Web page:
Brett Fawcett


First Sunday of Advent – November 30, 2014
Isaiah 63. 16-17; 64.1, 3-8 | Psalm 80 | 1 Corinthians 1.3-9 | Mark 13.33-37
November 17, 2014

Today is New Year's Day, liturgically speaking. November is when the Church looks forward the Second Coming, and now we leave this time of preparation to enter another one, Advent, where our eager anticipation of Christ's second Advent becomes a meditation on those who longingly waited for his first one.

Keep awake . . . or else he may find you asleep when he comes suddenly. – Mark 13.35

'Keep awake . . . or else he may find you asleep when he comes suddenly.'

Mark 13.35

This expectation is expressed in the First Reading. Isaiah cries out, "O, that you would tear the heavens and come down," and reveal "your presence" to the whole earth.

There are two ways that someone can beg God to "come down" and reveal himself. One is a demand that God vindicate himself, that he come out of hiding and prove to his enemies that he is who he says he is.

This can come as a taunt – the Pharisees challenged him to "come down!" off the cross – but it can also come from those who are struggling to serve and believe in him.

Oscar Wilde, the quintessential troubled disciple, was outraged by the apparent inability of God to stop the massacre of Christians in Bulgaria and angrily wrote, "If thou, in very truth, didst burst the tomb/Come down, O Son of Man, and show thy might!/Lest Mahomet be crowned instead of thee!"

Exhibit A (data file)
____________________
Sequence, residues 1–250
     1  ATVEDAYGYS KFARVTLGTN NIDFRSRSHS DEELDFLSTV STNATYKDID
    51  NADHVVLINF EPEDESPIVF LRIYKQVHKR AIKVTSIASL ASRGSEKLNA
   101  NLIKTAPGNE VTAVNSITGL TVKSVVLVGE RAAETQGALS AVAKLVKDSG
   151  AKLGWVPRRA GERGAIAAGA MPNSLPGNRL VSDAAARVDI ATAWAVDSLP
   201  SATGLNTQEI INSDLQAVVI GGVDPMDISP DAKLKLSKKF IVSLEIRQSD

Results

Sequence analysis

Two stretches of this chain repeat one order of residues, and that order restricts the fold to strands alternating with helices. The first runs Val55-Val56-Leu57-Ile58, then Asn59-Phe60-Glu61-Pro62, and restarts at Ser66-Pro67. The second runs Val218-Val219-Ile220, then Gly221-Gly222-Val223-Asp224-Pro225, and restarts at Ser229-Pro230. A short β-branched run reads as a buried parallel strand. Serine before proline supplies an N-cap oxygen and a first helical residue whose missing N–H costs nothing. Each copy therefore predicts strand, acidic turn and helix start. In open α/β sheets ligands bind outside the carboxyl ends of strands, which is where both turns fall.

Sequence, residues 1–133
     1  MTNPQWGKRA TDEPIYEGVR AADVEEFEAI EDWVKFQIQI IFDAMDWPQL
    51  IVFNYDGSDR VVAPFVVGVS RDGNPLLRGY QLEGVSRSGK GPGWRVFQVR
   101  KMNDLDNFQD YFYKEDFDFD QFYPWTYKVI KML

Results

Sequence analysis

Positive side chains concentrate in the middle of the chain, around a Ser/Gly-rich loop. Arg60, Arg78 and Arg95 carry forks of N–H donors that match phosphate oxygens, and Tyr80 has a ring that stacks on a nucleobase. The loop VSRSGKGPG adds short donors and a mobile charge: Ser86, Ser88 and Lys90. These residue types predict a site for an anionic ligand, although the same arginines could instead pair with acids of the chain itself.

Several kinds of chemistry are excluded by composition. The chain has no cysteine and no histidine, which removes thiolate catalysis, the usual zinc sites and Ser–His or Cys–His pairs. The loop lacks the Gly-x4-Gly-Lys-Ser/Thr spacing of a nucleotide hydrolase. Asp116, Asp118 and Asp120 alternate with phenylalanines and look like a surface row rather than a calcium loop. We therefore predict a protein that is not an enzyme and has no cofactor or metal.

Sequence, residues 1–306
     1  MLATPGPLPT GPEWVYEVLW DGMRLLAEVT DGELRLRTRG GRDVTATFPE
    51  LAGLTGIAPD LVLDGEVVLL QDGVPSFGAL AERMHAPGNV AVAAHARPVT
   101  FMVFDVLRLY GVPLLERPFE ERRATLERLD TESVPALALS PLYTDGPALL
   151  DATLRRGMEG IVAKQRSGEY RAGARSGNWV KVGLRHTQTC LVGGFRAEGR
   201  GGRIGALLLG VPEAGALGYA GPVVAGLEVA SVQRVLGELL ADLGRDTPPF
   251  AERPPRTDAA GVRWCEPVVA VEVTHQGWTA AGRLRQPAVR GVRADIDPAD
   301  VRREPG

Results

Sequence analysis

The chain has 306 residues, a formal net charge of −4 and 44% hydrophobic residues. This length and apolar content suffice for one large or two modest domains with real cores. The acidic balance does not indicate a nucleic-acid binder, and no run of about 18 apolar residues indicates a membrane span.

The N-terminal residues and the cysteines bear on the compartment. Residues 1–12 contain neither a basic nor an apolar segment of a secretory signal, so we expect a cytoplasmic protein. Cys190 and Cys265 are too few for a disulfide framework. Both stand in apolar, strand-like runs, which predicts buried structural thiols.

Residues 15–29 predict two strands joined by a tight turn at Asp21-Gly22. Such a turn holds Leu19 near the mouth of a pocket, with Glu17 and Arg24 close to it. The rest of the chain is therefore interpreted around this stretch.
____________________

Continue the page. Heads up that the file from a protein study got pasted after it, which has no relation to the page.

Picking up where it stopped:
This is how we naturally expect a god to act: He will come and conquer anyone who defies his authority, like an earthly champion.

But there is also a humble request to "come down" which admits that this coming may take a form we can't initially recognize or understand.

This is exactly what Jesus tells us of his Second Coming in the Gospel reading: It will be surprising, and "you do not know" when or how it will happen.

This is the kind of request the psalmist makes when he sings, "O Shepherd of Israel . . . come to save us," the kind that Isaiah has when he acknowledges that God is the potter and we are the clay; he has the right to decide how things will "shape up," not us.

This is exactly how God chose to answer the prayer of the Old Testament. He did split the heavens and came down – as a helpless baby who couldn't even clean or feed himself without the Blessed Virgin's help. Yet this weakness, the same weakness manifested on the cross, was the strength that would destroy the devil.


God still seems to hide himself and take on the appearance of helplessness in a world full of injustice. This is why, as

St. Paul tells the Corinthians, we need every spiritual gift in order to be strengthened until the day of his "revealing," the day we will see him with his majesty fully displayed.

Until then, let us expect Christ to come to us in humble and surprising ways. As Wilde also wrote: "Come down, O Christ, and help me! . . . I shall behold, before the night,/The feet of brass, the robe more white than flame,/The wounded hands, the weary human face."